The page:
Nice work.
    Thanks for sharing

  • Bob W8RMV:

    You’re sick Steve. Regen? Old tubes?? LOL. I too, share this same illness. I don’t know what it is about Regen’s but they just appeal to me even tho they can be a PITA compared to modern rigs. Thanx for sharing. Looking forward to the update.- Bob

  • Jeff K9JP:

    Outstanding Steve,

    I think your ReGen receiver sounds just perfect! This winter the band will sound wonderful and the summer clicks and noise will be long gone. I recently have been restoring life to 1940’s table top AM radios and enjoy everyone. My be a ReGen is some thing for me to try this winter.I do wish, I had your skills and talents! Keep having fun and enjoy the hobby.

    72/73 de Jeff K9JP

  • peter kg5wy:

    Brings back the memories.

  • Rick N3QOU:

    Very Interesting read! I too love the older equipment!
    like Jeff K9JP said it does sound great! Keep them coming.
    Thank for sharing!
    73’s Rick

  • Joe Cro N3IBX:

    Hello Steve, I really like your “Rationalized Autodyne” and think you did a superb job building it after the original article. I have an original built sometime after the article was published. It came with a complete set of Hammarlund built coils for it. Hammarlund actually marketed a coil set for the autodyne so I can concur that it must have been a popular set in the mid 1930’s.
    I really like your comments abiut it’s performance. My set isn’t as good as my National SW-3 either and find the SW-3 a superior performer. Regardless, you built a piece of Amateur Radio history and did a great job of it at that. I hope you get a loit of enjoyment out of it. If I can help you in any way with my original one or with coil winding data please drop me a email.
    Very best regards,
    Joe Cro N3IBX

  • Steve VE7SL:

    Thank you for all of your encouraging comments! It was a fun project but it must have been a challenge for builders in the 30’s as their soldering equipment was very crude compared to what we work with today … there were some very tight quarters at times so it must have been difficult.
    Joe … I had no idea that it was as popular as having Hammarlund market coils for it. I guess being published in several of the Handbooks would give it lots of exposure. It’s good to hear that your comparison with the SW-3 mirrors my own experience. I would love to see some pictures of your original autodyne if that is a possibility?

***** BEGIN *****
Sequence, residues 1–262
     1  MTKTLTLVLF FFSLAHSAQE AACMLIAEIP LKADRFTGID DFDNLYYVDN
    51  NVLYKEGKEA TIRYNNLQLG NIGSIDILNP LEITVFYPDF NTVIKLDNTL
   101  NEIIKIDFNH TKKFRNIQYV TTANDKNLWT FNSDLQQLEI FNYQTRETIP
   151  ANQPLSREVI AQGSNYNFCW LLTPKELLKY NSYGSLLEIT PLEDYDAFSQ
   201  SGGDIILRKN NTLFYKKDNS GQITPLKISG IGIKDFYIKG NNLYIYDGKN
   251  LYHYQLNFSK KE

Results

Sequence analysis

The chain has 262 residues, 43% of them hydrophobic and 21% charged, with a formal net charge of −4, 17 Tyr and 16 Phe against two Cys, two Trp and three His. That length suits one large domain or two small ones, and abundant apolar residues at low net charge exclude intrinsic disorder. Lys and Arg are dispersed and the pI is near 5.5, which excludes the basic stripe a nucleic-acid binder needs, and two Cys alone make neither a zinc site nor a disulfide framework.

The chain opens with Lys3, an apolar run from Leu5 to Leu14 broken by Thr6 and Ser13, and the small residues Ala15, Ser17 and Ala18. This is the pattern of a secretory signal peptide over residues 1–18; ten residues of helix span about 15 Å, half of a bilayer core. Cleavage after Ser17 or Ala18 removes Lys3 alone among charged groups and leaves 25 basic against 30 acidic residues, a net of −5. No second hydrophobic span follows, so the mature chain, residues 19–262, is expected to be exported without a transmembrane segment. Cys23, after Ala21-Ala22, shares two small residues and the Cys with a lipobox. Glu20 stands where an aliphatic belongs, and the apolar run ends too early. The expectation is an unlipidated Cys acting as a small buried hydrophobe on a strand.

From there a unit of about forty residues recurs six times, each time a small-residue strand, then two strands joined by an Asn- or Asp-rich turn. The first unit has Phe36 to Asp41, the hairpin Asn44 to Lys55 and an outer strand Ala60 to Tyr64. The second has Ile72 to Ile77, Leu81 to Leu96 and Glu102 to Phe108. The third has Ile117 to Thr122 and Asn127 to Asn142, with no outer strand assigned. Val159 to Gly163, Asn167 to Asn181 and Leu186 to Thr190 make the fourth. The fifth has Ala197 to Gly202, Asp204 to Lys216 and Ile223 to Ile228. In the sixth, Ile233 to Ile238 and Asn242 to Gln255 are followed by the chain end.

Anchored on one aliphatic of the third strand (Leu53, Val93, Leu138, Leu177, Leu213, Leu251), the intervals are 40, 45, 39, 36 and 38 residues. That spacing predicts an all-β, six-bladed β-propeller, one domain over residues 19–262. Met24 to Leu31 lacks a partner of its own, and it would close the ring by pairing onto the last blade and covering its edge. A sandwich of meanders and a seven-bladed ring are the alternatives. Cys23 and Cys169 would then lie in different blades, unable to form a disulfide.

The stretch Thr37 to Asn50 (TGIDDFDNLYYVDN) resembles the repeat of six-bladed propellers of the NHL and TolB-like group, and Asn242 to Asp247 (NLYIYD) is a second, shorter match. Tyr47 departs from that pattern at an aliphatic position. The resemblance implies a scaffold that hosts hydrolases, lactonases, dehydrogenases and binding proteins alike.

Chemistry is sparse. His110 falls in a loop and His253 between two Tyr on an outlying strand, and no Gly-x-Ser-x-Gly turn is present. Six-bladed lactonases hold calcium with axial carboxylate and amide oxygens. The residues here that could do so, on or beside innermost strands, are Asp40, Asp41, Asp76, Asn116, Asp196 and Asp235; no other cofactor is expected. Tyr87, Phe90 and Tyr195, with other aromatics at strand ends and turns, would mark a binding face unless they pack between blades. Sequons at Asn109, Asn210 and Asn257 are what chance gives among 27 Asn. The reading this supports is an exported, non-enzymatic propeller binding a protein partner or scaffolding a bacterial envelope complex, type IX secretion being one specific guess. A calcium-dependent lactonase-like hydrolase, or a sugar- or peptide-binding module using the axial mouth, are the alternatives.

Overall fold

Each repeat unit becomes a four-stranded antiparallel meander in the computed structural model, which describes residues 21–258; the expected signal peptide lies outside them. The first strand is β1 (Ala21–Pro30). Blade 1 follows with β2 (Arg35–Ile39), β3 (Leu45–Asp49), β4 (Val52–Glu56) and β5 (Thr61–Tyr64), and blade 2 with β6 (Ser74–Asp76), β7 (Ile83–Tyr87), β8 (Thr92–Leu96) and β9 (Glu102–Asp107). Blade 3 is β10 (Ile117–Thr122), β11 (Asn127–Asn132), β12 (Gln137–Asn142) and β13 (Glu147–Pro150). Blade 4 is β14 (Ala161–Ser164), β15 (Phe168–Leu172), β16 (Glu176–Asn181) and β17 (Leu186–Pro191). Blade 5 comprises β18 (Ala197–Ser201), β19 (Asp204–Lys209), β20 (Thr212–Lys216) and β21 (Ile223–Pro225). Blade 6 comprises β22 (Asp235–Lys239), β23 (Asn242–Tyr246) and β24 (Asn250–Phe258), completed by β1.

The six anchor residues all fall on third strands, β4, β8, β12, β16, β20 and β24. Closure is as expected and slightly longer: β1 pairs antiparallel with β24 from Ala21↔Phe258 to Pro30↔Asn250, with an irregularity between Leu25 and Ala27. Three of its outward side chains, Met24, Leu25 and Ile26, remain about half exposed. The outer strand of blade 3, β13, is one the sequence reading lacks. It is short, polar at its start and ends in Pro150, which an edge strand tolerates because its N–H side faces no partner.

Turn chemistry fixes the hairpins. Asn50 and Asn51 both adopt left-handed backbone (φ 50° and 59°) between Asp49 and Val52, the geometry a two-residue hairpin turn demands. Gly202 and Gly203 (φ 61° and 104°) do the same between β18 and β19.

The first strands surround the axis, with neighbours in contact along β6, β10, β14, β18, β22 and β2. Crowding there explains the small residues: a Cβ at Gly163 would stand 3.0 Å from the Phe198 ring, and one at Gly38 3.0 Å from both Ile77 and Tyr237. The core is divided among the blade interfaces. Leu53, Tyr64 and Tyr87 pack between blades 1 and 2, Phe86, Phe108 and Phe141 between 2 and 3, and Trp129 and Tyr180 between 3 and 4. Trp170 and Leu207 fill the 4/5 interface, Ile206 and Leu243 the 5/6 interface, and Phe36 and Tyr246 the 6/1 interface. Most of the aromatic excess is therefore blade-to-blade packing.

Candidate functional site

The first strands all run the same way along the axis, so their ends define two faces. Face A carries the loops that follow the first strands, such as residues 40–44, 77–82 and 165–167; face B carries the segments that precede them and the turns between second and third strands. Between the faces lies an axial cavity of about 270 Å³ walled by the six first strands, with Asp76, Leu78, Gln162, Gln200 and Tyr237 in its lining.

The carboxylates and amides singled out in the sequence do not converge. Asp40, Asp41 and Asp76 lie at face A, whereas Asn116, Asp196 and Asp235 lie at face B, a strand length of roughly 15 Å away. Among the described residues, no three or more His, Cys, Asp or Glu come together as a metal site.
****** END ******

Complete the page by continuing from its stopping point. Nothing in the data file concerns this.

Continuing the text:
I played with the receiver some more last night and am getting more familiar with optimum control settings. As well, conditions were much better than my first night of testing. I am now more confident that it is working fairly well after all, as it was very easy to hear several east coast signals as well as several Europeans last night on 40m CW. It is close to the same sensitivity as the SW-3 but I would still give the nod to the National which is an extremely well executed design. Last night, the band was just full of signals and tuning was very easy once the proper levels of RF gain and regen were set. One nice feature with this radio is that the regeneration, once set, does not need to be constantly tweaked, as it does in many other designs … it also goes in and out of regeneration smoothly. I think its a keeper and will probably not need re-tubing after all.

  • Doug KM6OR:

    Hi Steve. Nice job on that “Rationalized”! I wonder what you have found out its performance comparisons in these years since it was first built? I have built a SW-3 type circuit in the past as well as a Gainer with #78 or #77 RF stage. I found these tubes excellent. Actually, the #77 makes a great Detector and RF amp. How is it working now? Where did you ever find that tuning dial/drum? Any chat or info will be greatly appreciated. 73’s, Doug, KM6OR ex WB6LXA.